Walter: Those listeners will remember that, in the movie version of these events, Affleck’s character sneaks into Iran alone. But here, in a hallway of the real-life CIA Headquarters, there’s a painting commemorating the operation. In it, Tony sits at a table in Tehran, hard at work on the final preparations for the exfiltration of the six Americans. And in that painting, there’s someone else working alongside him. Someone whose face isn’t visible and whose name the plaque beneath the painting doesn’t reveal, even here in CIA Headquarters.

As is often the case, we have a layered story with levels of secrecy. The popular version, the Hollywood movie, doesn’t include Ed Johnson at all – Tony goes to Tehran and rescues the State Department employees by himself. This is in keeping with the fact that Tony Mendez was one of the designated CIA trailblazers celebrated as part of their 50th anniversary events in 1997. Foreground Tony, ignore the other guy. For those who went deeper and read Tony’s book or the history of the operation in the CIA’s journal, which is produced by their historians, you would find out there was another guy, but not much more than that. If you work for the CIA and look at the painting, you see he was integrally involved, but still can’t see his face or learn his name. It’s only now, for nerds like me who listen to their podcast, that we find out his real name.

This is all very on brand for the CIA, who love to keep secrets so they can reveal them at a time and in such a way that it helps them. They also like to structure secrets in this way, so different people can find out parts of it, much like tiers of classification or, indeed, age based movie classifications. Again, Jack Valenti, the guy who devised that system of rating and classifying movies, had a relationship with the CIA. It was Valenti, for example, who attended a private screening of The Godfather alongside CIA officials.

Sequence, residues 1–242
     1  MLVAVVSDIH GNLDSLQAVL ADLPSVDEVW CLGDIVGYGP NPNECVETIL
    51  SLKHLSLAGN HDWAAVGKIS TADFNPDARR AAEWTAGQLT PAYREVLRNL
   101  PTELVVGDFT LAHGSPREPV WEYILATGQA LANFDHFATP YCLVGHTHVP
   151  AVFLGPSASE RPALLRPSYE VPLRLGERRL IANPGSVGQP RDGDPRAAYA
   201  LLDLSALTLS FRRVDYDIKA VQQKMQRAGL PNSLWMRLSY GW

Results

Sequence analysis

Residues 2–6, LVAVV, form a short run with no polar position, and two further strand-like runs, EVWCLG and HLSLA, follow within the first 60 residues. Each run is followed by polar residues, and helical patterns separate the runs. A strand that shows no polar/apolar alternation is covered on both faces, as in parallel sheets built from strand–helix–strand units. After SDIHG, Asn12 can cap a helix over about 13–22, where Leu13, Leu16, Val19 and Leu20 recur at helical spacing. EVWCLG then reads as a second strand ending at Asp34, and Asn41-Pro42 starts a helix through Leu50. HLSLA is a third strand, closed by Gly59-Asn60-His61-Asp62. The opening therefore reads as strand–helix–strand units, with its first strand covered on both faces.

Across this two-parter they recount the operation in detail – the infiltration of Ed and Tony into Iran, through the airport, the preparation of the six people hiding out in the Canadian ambassador’s house, and the exfiltration back through the airport. One specific thing stood out to me:

Brent: So when they land, you know, these are you know, these are exfiltration experts and so the very first thing they do when they land is is they switch it on. They start to, observe very carefully and sort of take mental notes of everything that they’re seeing at the airport there in Tehran at Mehrabad Airport. And, one of the very slick things that Tony describes Ed as having done was you had to fill out these yellow sheets of paper when you enter and when you leave Iran. And there was a whole stack of them at one place and that Ed laid his newspaper down onto the stack. And as he walked away you know, with a with a nice little sleight of hand, he grabbed multiple multiple copies of this little yellow paper so they would have them for the houseguests. And so they would have extras if they made any mistakes in, you know, sort of forging those entry stamps and that kind of thing. Um, so you know that that that sort of sleight of hand is is something that OTS is, sort of famously known for and he said the way Tony described it was that that he barely even noticed what Ed had done and then just sort of smiled to himself. What a slick move it had been.